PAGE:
With a boat such as the Feva, two Optimist sailors can essentially jump in the boat right away, and race in the boat for one, two or three years. As simple as that. So the boat is excellent not only as a learn to sail platform for beginners, and a learn to race platform afterwards, but also as a transition race boat after the Optimist. It allows youth sailors to learn the much needed double-handed skills as well as advanced techniques such as asymmetric downwind gennaker sailing.
What about after the Feva? As the boat can be sailed up to approx 140 lbs (with a lighter crew of say 100 lbs), and age 15, 16 or even 17 — the class is pretty flexible on this –, many options are possible after. This includes double handed dinghies (420, 29er, etc), single hande dinghies (Laser 4.7, Radial), modern one-design sportboats (J70, Melges 20, etc.) or more conventional club racing (Albacore, Shark, J24, etc.). Having developed advanced double-handed skills, sailors out of the Feva can easily adapt to all these platforms.
So there are many options after the Feva, and the choice will depend on the sailor’s interest and ambitions, the fleets existing locally, the availability of a crew for double-handed boats, the available budget for the sailor’s annual programme, the opportunities to attend nearby regattas with significant fleets, to name just a few factors. This choice will typically happen at an age comprised between say 15 and 17, when sailors will have a good understanding of their medium and long-term sailing goals.
Canadian Participation in the World Championships
What was great with this Feva initiative in British Columbia was for several teams to go to the 2018 Worlds, which were held in Clearwater, FL in April 2018. There were 4 teams from British Columbia, as well as 2 teams from Ontario. Indeed, several clubs in Ontario now have fleets of Fevas, the main one to date being the Sturgeon Lake Sailing Club. Other clubs with fleets include the Nepean Sailing Club in Ottawa and the Etobicoke Yacht Club in the Toronto area. See the picture of the Ontario and BC teams in Clearwater.
Jonah MacKinnon, Race Coach at the Hollyburn Sailing Club, coached the Canadian team at the 2018 Worlds in Clearwater. Here is what he has to say about his experience:
“ It had only been just under a year before the 2018 Feva Worlds when the first shipment of boats arrived at our club. Three clubs, Hollyburn Sailing Club (my home club), Royal Vancouver Yacht Club, and West Vancouver Yacht Club, invested in them initially, and they were an instant success. With the Feva’s inception into our provincial circuit, the class quickly gained momentum.”
“ Upon hearing of Feva Worlds happening on North American soil, we found ourselves on the way to Florida. It was a wonderful experience and a well ran regatta overall. It was really one of the more affordable events of that caliber that I’ve seen and it really cemented the classes status here in BC. We are looking forward to continued growth and potentially finding ourselves next July in Tuscany, Italy, for the 2019 Feva Worlds.”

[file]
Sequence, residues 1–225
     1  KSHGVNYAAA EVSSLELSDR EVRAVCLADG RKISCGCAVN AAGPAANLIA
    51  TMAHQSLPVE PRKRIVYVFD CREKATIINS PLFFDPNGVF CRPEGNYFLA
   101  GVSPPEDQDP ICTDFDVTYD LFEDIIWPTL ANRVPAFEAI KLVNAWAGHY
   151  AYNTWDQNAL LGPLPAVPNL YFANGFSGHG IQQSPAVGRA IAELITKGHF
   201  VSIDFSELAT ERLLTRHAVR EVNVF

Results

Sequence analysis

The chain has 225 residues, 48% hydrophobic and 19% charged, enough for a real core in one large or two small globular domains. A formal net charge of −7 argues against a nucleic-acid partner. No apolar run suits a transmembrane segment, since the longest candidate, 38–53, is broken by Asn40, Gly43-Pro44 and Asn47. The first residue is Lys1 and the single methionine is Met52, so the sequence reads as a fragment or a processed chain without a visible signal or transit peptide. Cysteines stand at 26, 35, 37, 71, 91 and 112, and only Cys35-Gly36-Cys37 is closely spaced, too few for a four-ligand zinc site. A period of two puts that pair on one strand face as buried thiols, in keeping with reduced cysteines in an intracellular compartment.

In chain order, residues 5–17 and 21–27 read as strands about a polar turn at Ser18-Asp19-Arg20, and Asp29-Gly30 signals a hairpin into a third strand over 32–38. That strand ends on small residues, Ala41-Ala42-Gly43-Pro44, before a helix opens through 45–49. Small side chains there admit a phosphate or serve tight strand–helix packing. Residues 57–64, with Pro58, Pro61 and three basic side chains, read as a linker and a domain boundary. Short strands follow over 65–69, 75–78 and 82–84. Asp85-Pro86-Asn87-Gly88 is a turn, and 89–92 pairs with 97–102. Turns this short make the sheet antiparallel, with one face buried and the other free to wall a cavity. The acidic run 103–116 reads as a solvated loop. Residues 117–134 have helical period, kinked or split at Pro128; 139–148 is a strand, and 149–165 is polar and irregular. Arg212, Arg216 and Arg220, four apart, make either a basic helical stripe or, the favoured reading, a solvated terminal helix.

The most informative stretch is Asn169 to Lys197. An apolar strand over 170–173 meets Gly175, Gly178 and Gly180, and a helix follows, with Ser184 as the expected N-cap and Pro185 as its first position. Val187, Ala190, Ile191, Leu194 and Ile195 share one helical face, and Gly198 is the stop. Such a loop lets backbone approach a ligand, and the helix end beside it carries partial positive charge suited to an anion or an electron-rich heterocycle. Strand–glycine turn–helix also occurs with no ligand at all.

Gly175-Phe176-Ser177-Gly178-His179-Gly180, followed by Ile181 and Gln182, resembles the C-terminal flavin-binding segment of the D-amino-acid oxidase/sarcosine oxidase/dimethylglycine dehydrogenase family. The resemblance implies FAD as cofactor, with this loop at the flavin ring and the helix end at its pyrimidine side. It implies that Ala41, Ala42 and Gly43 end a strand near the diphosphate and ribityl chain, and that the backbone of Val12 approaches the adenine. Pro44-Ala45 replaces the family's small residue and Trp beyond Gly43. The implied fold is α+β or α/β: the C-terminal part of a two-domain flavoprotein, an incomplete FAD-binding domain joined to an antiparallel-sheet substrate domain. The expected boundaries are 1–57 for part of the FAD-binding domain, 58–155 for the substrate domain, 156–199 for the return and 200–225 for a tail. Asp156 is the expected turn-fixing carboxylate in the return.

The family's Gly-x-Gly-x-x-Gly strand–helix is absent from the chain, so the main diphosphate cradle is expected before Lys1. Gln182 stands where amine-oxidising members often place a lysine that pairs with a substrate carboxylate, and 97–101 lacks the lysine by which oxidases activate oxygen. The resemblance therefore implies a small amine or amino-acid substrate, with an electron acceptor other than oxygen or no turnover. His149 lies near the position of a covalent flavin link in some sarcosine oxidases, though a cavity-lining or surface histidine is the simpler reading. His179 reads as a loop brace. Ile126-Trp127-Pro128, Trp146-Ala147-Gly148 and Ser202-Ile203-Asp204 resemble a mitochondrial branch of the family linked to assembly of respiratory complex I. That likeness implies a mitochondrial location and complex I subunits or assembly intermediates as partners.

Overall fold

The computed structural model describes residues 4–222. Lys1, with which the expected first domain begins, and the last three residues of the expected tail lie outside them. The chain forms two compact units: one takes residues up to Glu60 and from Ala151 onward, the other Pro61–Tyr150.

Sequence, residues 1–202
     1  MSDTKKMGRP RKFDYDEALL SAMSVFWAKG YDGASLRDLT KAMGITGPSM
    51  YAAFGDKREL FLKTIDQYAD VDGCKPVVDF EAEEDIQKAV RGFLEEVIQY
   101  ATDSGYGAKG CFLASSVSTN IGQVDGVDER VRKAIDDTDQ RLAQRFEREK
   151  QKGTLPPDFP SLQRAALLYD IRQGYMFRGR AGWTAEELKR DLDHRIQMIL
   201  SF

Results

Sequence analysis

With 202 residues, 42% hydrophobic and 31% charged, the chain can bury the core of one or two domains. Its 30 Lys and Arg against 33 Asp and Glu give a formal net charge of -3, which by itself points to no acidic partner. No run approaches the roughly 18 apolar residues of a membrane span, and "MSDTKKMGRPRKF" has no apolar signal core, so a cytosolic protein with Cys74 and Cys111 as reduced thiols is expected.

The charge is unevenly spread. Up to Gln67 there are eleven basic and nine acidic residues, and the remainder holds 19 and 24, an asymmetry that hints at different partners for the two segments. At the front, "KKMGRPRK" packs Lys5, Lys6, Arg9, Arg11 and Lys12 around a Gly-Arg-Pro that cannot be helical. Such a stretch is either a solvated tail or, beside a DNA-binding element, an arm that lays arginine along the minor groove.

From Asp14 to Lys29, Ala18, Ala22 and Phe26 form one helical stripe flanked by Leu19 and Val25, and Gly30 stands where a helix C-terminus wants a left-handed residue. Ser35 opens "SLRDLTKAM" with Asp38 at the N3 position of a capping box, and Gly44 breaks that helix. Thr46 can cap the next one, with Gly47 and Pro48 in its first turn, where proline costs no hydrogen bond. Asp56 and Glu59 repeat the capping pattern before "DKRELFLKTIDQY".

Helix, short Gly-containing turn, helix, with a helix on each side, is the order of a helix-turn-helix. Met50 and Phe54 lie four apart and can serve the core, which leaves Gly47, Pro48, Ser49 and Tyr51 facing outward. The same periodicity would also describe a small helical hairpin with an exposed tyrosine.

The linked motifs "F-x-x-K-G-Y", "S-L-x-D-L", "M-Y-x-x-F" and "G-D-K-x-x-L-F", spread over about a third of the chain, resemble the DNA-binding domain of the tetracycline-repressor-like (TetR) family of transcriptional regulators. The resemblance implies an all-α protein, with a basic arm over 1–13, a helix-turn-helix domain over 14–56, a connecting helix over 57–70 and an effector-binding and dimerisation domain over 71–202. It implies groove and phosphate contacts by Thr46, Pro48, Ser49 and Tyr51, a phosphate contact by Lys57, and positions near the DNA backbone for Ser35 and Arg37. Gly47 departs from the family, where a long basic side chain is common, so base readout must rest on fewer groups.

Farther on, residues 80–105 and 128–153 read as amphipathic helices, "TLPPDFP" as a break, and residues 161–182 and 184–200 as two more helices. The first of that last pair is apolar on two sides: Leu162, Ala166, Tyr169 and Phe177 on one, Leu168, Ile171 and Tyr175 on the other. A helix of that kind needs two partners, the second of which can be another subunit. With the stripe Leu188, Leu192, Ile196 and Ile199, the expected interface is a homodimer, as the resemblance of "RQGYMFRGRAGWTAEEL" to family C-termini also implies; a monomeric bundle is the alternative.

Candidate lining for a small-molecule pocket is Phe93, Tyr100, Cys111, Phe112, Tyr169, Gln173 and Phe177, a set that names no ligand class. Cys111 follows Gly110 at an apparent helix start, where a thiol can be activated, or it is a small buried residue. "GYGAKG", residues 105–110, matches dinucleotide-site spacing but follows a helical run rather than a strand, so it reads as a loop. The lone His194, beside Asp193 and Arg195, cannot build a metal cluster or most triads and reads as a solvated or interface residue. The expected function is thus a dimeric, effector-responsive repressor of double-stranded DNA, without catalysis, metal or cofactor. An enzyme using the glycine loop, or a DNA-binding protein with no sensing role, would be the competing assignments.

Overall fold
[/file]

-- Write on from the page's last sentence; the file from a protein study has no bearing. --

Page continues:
Towards a Recognition of the Feva as a Youth Development Boat
Several countries have already formally recognized the Feva as a youth sailing development platform. It’s already big in the UK, with over 100 boats at the national championship. There are growing fleets in Italy and France. In the US too, the boat is now more and more present, including in the North East – which provides opportunities for Canadian sailors to go to race there, and vice-versa.
The Feva is growing in Canada. How fast it will grow will depend on how fast clubs embrace it. The experience in BC shows that it can happen pretty fast. Let’s hope that in 2019, or at the latest in 2020, the Feva will become part of the mainstream of youth sailing, and will be well represented at Canada’s Youth Sailing Championships, prominent regattas such as CORK in Kingston, as well as international events such as the Worlds.
Such development of the Feva will constitute a milestone to strengthen youth sailing in Canada and introduce our wonderful sport to many more children and teenagers, across the country, and to keep them enjoying sailing in the future.
No Trapeze: An important point is that the absence of trapeze on the Feva is actually an asset, as it enables both sailors on the boat to alternate, at least during training, in the roles of helm and crew. In boats such as the 420 and the 29er, the taller/heavier sailor will typically be limited to the role of crew, which can be frustrating, as often it’s the older, more experienced sailor, who needs to be crew, while, in terms of sailor development, his/her natural role would be the helm. Trapeze skills can easily be learned later on.
Stayed Mast: Another important aspect is that the Feva rig, with its stayed mast, is fully functional and tuneable, allowing the sailors at a young age to learn the essentials of rig tuning, vang role and sail control. The stayed mast allows the mast to bend in different areas which allows adjusting the air flow and the power of the sails. In Israel, youth sailors used to race a local class called the Seagull which resembles a primitive Rs Feva and geard them towards success in classes such as the 420 and the 470.
Cross Training: Some of the most advanced youth sailing programmes in Europe implement cross-training, i.e. for youth racing sailors to sail both single-handed, typically in the Optimist, and double-handed, the latter being done in the Feva.
The author is thankful to several individuals having kindly provided comments on drafts of the article.